My room is a haze of dust. For days, I’ve been unboxing, boxing, sweeping, sorting, chucking things. What I’d donate. What I’d give to my niece and nephews. What I’d take to fresh life in another country. The work has been a material review of the past decade.
Very few people have been invited to my condo in recent years. It had been messy and the frequent victim of my go-to defense mechanism against anything painful, upsetting, or difficult: “I’ll sort that out, eventually.” The layers of things, dust, mementos reveal my complicated relationship with space. In an old blog, I wrote about my fears of owning my own place: that it would be some sort of final determination of my identity. Is it the gloriously designed, sun-lit place I imagined it would be? No. But I was right– it was me.
It’s lived and occasionally abandoned, with calcified fossils of the parts of me in the past decade. Wads of Japanese origami paper. A thick binding of the music and lyrics of Jesus Christ Superstar. Tarot cards. Bookmarks from Oli’s trip to Europe. Notebooks with only the first few pages filled out. My friends’ org registration forms. Half-full packets of lettuce seeds and tomatoes. A facemask from the 2013 Korea trip.
Things were indiscriminately dumped in corners because they were artifacts of possibilities of myself I didn’t want to let go. I’ll do that later. I always thought I had all the time in the world to do everything I liked. That was youthful nonchalance and bravado. My work is a relentless deliberation of who I am now and what I choose to be. For which things would I set aside a parcel of my “one wild and precious life.”
Part of me feels frustrated that I didn’t just throw away things. That’s the same part that wishes we could all just move forward, onward. It wishes we could glide through life without any hitches or snags, and that growth is linear and the slope depends only on our self-determined tenacity. We are able to integrate so fully that nothing falls by the wayside. We can throw away old journals because we’ve learned everything we absolutely can.
But it doesn’t work that way. A mentor said that growth moves as a spiral: we circle back into the same issues and experiences but each iteration invites us to go deeper. And then there’s a nostalgic delight in revisiting these old nooks. I’m sifting through yellowed readings, journals, planners– and the sundry bits stuck on pages. Many of them are stained with dried rain, tracing cragged shorelines. I’m given little time machines to revisit old lessons and old selves:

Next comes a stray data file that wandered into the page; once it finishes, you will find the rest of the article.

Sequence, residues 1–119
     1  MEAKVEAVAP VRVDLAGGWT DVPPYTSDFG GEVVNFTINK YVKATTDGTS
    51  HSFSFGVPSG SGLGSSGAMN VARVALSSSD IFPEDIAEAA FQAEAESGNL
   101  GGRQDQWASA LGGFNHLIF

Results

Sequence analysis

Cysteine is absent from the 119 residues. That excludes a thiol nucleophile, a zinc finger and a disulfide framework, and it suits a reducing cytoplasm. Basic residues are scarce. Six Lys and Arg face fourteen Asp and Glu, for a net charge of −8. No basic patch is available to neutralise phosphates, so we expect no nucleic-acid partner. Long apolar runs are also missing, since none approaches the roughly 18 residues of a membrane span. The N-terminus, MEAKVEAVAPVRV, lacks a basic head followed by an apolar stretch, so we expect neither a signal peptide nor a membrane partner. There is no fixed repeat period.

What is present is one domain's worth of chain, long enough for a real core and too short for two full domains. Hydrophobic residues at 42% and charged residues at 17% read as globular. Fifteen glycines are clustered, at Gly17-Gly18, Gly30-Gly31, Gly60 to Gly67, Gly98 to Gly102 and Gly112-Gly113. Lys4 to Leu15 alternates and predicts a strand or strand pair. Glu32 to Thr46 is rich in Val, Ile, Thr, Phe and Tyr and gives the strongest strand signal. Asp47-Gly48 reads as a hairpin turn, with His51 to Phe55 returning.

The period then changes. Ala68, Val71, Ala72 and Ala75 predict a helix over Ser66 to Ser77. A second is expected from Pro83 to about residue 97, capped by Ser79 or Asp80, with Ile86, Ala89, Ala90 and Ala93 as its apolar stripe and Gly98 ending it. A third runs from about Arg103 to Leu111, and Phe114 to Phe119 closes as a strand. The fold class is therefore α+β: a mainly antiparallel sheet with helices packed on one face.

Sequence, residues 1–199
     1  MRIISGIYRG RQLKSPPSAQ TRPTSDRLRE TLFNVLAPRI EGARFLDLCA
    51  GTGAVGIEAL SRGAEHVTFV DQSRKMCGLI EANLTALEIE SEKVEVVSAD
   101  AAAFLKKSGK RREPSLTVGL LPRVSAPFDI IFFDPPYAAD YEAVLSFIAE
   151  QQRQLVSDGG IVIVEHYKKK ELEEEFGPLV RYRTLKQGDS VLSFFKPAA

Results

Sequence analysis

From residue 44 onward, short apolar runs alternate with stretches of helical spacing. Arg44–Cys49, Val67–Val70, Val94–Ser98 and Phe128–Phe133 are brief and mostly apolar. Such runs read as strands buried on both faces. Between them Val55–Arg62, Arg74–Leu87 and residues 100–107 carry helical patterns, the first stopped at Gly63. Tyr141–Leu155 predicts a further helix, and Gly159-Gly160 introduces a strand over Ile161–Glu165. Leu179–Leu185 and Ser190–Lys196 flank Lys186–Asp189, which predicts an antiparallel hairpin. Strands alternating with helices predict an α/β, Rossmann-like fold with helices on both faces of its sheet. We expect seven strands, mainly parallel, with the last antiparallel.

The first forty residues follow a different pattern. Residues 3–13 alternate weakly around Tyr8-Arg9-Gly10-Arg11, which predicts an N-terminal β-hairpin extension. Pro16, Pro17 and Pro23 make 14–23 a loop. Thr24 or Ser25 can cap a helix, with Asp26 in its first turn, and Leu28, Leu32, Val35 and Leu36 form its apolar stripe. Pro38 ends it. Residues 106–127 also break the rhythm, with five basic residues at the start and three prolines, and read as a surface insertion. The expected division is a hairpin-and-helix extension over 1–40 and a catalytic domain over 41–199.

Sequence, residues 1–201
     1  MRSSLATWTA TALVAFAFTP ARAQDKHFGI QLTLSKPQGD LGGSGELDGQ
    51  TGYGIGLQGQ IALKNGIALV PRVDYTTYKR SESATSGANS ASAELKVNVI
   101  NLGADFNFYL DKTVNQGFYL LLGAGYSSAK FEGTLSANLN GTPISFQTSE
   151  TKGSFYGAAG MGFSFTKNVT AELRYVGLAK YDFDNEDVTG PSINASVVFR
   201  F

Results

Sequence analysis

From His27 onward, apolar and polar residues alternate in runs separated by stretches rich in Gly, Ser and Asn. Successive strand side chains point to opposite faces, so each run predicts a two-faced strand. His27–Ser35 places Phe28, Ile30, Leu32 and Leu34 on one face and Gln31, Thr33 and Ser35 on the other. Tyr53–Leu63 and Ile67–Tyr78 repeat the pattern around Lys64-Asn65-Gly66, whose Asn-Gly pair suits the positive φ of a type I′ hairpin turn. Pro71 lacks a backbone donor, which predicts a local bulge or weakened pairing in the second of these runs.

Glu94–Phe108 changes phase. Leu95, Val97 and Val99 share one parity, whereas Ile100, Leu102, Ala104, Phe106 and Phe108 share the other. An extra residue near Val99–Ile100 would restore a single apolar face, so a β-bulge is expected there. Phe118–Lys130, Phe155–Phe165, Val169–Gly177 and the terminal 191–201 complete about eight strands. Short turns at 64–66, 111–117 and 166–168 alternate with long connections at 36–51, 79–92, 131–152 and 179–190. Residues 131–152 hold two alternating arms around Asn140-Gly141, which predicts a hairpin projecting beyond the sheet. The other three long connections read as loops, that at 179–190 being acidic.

On my college notes, I stuck a post-it where I wrote indignantly about a tricycle ride to school one day in 2008. A corrupt cop flagged my tricycle driver over some trumped-up charge, demanded payment, and took a day’s wage. When we got to school, I emptied my wallet and gave the driver all of my 250 pesos.
A copy of “Courtly Love,” which Mam Sol lent me with the pregnant expectation that I’d stick around in the academe and move to the IS department.
Doodles on my class notes. Resolutions to lose weight.
Postcards from all over. The delightful little missives friends left on gifts. The best poster I’ve ever designed for a feminism seminar in which I also spoke.
Tickets to museum trips. Boarding passes. City maps.
Oli’s tottering, teetering, friendly gifts and letters and then his valentine’s cards.
What’s so worthy of keeping these specks, when they’re so insignificant they’re forgotten by the very person who’s lived through them? In the vastness of life, universe, and time, what does it matter? I suppose it’s these ephemeral little moments that makeup life. And while the mess is frustrating, I’m somehow grateful for the residues.
Some time ago, I’ve decided to become a bit more minimalist. I’m lucky I’m getting the chance. I learned: everything you own demands your attention. Every item draws you to certain direction– a Linda Howard novel asks you to be the person who spends a bit of time to indulge in romantic tropes, a box of watercolor asks you to dabble a bit, a jar of creme asks you to be the kind to your skin. And everything eventually inquires after its own ending. Every single thing you have, you will have to think about again. I’ve learned that time and attention is more expensive than money.
There has to be a sweet spot somewhere: to be light and spry enough to sprint into the future and to be grounded and meditative enough with my jarfuls of river water. It’s the still waters that can best tell the story of movement.
And sometimes, it bears reminding: these are the good days we’ll someday reminisce about.